Here's what you need to know about the UAW strike
The United Auto Workers union authorized a strike against General Motors Sunday - the first since 2007.
Negotiations between UAW and GM fell through over the weekend, and the union’s contract with the company expired midnight Saturday. Now, 46,000 union members are on strike while negotiations continue.
Listen above to hear Stateside's conversation with UC Berkeley Professor Harley Shaiken about what this week's strike means for the American labor movment.
Here’s what you need to know about what caused the strike, who’s impacted, and what to expect in the next few days.
Why General Motors?
UAW represents auto workers from all of the Big Three auto companies. So why are only GM workers striking?
The union renegotiates their contract every four years, and traditionally chooses one of the three automakers to negotiate with, and then that agreement is extended to the other two companies.
This time around, UAW went with GM. That wasn’t much of a surprise, considering the company’s recent decision to close four U.S. plants.
The contract deadline was midnight Saturday, and at that point it was fairly clear that a strike was likely.
But the strike only applies to GM workers. The union agreed to extend the contract with Ford Motor Company and Fiat Chrysler, so those employees are still reporting to work.
Once an agreement is made with GM, that new contract will apply to Ford and Chrysler, as well.
What’s in dispute?
“It appears [UAW and GM] are pretty far apart at this point,” says Automotive News reporter Mike Martinez.
Union leadership said Saturday, "We still have many outstanding issues remaining, including significant differences between the parties on wages, health care benefits, temporary employees, job security, and profit sharing."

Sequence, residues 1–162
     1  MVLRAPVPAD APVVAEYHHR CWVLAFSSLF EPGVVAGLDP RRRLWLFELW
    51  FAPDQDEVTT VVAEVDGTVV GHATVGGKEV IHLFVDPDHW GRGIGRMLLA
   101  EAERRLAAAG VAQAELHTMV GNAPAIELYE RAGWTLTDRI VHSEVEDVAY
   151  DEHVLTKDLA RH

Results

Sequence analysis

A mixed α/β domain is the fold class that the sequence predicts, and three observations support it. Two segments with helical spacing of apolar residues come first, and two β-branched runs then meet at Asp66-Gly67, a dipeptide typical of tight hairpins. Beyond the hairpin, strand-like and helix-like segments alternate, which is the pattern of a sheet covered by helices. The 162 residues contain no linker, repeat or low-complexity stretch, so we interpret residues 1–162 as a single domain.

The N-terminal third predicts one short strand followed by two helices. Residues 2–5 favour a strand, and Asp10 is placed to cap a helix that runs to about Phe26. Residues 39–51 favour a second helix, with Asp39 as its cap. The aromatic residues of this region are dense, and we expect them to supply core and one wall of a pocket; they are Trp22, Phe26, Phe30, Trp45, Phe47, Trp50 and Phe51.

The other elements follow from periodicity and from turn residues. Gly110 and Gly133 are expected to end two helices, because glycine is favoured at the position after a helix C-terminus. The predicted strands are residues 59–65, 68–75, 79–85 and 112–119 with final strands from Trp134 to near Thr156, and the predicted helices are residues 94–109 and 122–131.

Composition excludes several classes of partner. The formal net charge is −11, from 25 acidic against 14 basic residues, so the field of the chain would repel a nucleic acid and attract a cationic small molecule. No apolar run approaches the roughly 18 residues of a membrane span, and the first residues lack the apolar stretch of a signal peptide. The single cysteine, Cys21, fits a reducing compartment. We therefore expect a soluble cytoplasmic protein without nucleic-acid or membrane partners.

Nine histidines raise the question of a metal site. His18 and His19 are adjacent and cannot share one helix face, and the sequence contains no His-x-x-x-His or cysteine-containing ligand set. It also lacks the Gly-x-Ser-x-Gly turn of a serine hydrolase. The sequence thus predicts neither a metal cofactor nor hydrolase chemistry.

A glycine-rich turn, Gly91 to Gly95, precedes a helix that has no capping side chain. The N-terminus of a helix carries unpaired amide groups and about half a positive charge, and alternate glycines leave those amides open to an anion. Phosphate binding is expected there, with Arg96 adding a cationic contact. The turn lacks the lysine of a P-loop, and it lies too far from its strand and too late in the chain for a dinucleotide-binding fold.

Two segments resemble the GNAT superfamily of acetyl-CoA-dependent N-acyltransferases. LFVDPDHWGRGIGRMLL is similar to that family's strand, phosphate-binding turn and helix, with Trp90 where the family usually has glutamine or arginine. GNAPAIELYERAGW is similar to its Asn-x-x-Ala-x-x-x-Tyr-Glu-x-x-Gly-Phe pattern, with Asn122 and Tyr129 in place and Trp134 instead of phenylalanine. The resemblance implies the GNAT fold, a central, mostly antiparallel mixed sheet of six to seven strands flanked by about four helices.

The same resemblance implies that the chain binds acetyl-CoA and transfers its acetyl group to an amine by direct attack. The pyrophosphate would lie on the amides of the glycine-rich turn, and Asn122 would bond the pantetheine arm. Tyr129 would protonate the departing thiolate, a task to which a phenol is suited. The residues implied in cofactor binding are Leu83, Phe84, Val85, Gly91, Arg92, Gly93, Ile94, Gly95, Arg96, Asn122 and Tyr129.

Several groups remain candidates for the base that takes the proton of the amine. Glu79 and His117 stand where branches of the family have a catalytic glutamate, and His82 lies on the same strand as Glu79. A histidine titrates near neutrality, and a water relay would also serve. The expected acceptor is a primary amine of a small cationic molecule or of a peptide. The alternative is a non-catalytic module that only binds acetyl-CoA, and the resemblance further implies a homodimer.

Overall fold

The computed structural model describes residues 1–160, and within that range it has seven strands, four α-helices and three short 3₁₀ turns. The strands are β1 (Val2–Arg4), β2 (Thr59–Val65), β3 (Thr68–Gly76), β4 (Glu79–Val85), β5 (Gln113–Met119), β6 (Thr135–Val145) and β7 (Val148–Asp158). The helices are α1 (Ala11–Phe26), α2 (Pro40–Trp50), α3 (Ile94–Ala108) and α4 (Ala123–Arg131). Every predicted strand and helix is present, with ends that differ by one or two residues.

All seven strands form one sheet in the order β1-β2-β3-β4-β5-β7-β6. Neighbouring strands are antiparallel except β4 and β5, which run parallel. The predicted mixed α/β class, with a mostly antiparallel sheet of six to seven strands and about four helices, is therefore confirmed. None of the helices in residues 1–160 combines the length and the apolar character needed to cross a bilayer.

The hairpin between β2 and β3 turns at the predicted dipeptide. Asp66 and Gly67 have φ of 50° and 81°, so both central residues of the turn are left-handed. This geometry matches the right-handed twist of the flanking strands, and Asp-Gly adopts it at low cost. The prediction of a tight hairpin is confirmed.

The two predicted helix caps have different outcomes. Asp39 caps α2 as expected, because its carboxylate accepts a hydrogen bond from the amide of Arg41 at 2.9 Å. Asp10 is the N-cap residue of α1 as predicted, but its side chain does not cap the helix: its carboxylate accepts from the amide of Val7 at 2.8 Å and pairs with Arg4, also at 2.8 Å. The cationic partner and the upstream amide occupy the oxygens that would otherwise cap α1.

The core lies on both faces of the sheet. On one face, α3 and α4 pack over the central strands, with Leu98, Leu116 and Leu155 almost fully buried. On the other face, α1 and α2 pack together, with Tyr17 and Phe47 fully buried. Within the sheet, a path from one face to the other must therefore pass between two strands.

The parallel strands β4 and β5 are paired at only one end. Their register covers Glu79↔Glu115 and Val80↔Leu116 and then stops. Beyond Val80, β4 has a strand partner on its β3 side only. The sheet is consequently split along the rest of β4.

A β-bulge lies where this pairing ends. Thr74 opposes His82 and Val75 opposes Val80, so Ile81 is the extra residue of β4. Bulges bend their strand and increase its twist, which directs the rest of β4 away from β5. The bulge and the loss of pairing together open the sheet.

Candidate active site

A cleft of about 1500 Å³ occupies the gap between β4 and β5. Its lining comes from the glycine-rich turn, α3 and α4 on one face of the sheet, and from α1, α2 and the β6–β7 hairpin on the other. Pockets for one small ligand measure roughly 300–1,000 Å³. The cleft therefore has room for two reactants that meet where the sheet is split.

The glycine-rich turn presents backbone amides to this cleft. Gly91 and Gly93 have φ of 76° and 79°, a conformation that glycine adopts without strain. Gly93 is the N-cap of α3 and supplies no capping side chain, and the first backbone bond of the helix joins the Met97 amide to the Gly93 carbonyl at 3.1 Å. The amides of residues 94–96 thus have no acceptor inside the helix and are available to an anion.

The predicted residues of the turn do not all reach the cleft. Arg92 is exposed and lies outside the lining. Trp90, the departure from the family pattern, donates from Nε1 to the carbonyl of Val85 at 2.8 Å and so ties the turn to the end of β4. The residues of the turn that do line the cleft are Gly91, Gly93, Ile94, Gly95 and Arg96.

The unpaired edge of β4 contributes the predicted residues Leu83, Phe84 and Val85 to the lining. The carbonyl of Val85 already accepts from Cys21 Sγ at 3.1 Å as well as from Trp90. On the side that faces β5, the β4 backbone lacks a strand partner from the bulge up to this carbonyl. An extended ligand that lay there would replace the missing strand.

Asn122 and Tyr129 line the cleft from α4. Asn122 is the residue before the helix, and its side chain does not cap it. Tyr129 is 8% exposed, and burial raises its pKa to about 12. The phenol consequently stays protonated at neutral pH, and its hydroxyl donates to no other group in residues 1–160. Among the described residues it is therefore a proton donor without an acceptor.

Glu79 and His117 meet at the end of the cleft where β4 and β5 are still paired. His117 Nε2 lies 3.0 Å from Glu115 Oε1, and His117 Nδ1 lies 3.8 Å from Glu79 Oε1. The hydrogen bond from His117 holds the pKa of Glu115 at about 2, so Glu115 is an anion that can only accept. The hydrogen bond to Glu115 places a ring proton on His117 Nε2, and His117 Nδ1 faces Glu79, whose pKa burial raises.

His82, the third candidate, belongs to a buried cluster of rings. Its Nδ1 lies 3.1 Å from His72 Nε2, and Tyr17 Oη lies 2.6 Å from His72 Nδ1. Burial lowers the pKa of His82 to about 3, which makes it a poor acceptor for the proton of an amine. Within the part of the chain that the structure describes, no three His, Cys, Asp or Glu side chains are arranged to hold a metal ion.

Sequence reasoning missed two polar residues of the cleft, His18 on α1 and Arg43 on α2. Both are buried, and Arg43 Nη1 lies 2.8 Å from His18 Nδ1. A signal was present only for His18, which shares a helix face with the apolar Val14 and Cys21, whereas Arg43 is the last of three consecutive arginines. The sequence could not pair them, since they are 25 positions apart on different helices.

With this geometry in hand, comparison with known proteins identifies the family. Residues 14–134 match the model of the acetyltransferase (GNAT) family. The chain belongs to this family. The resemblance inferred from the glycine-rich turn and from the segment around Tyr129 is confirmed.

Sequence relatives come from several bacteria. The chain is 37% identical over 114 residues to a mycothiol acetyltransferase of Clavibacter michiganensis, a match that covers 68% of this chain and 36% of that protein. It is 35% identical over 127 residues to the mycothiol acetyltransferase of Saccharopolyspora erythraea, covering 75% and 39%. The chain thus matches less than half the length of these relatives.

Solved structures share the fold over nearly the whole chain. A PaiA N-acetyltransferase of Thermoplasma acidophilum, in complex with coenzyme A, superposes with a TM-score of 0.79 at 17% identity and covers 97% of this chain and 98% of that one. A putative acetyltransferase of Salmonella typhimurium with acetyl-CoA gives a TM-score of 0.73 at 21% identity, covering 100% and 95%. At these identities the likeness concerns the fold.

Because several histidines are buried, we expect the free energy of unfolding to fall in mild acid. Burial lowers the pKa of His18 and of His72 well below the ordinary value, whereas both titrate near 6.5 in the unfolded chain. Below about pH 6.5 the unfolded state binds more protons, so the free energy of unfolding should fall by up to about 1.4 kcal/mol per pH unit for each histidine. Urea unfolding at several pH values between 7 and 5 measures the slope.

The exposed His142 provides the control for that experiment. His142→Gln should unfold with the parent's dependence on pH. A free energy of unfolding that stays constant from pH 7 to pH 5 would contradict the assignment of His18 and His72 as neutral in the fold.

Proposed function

Michigan Radio’s Steve Carmody spoke to workers that walked out of the Flint plant Monday.
“Different people have different priorities that they’re focused on,” he said.
Those priorities range from healthcare, raises, and benefits to job creation and security.
GM released a draft of what they offered the union Sunday, and it included creating jobs and opening plants, but apparently that wasn’t enough. Martinez says a company communicating through the media in a negotiation like this is unusual, but that GM felt like it had no other option.
“GM said that it offered more than $7 billion in investment. It said they would have offered to create or retain more than 5,400 jobs, and of that 5,400, they said a majority would be new,” Martinez explained on Stateside. “That included solutions for two of their four unallocated plants in the U.S., which is a very big sticking point for the union.”
That proposal was not enough to make up for union members’ many grievances.
Michigan Radio’s Tracy Samilton says, "They helped save the automaker from bankruptcy in 2009. They made a lot of concessions, and they feel with GM being as profitable as it is right now, it's time for the company to come back and help them out."
In an interview with NPR, UAW spokesperson Brian Rothenberg said only 2% of contract terms have been agreed upon, and that reaching an agreement on the rest of the terms is going to take a while.
Who is affected?
Of course, UAW workers and GM will be most directly affected by the strike.
Workers are being paid $250 per week during the strike, roughly one-third of their typical paychecks.
It will also have a major impact on GM, which could lose as much as $50 million for each day of the strike.
“If this drags on for a couple weeks, they could be impacted in terms of their vehicle inventory. They have about a 77 day supply of new cars and trucks, and for comparison, the industry average is about a 61 day supply, so they’re pretty much set,” says Mike Martinez.
“But there’s another wrinkle in all this, because the Teamsters said they’re standing in solidarity with UAW, and they’re going to refuse to deliver new vehicles to dealerships. So that could pinch dealers pretty quickly here.”
The strike could also have ripple effects through the state and national economy.
“When you start to think about that vast network of suppliers, that vast network of dealers who are trying to sell these cars... not to mention the 46,000 employees who will be living on $240 a week if this lasts beyond eight days, it could affect what people buy and how much people buy,” says Martinez.
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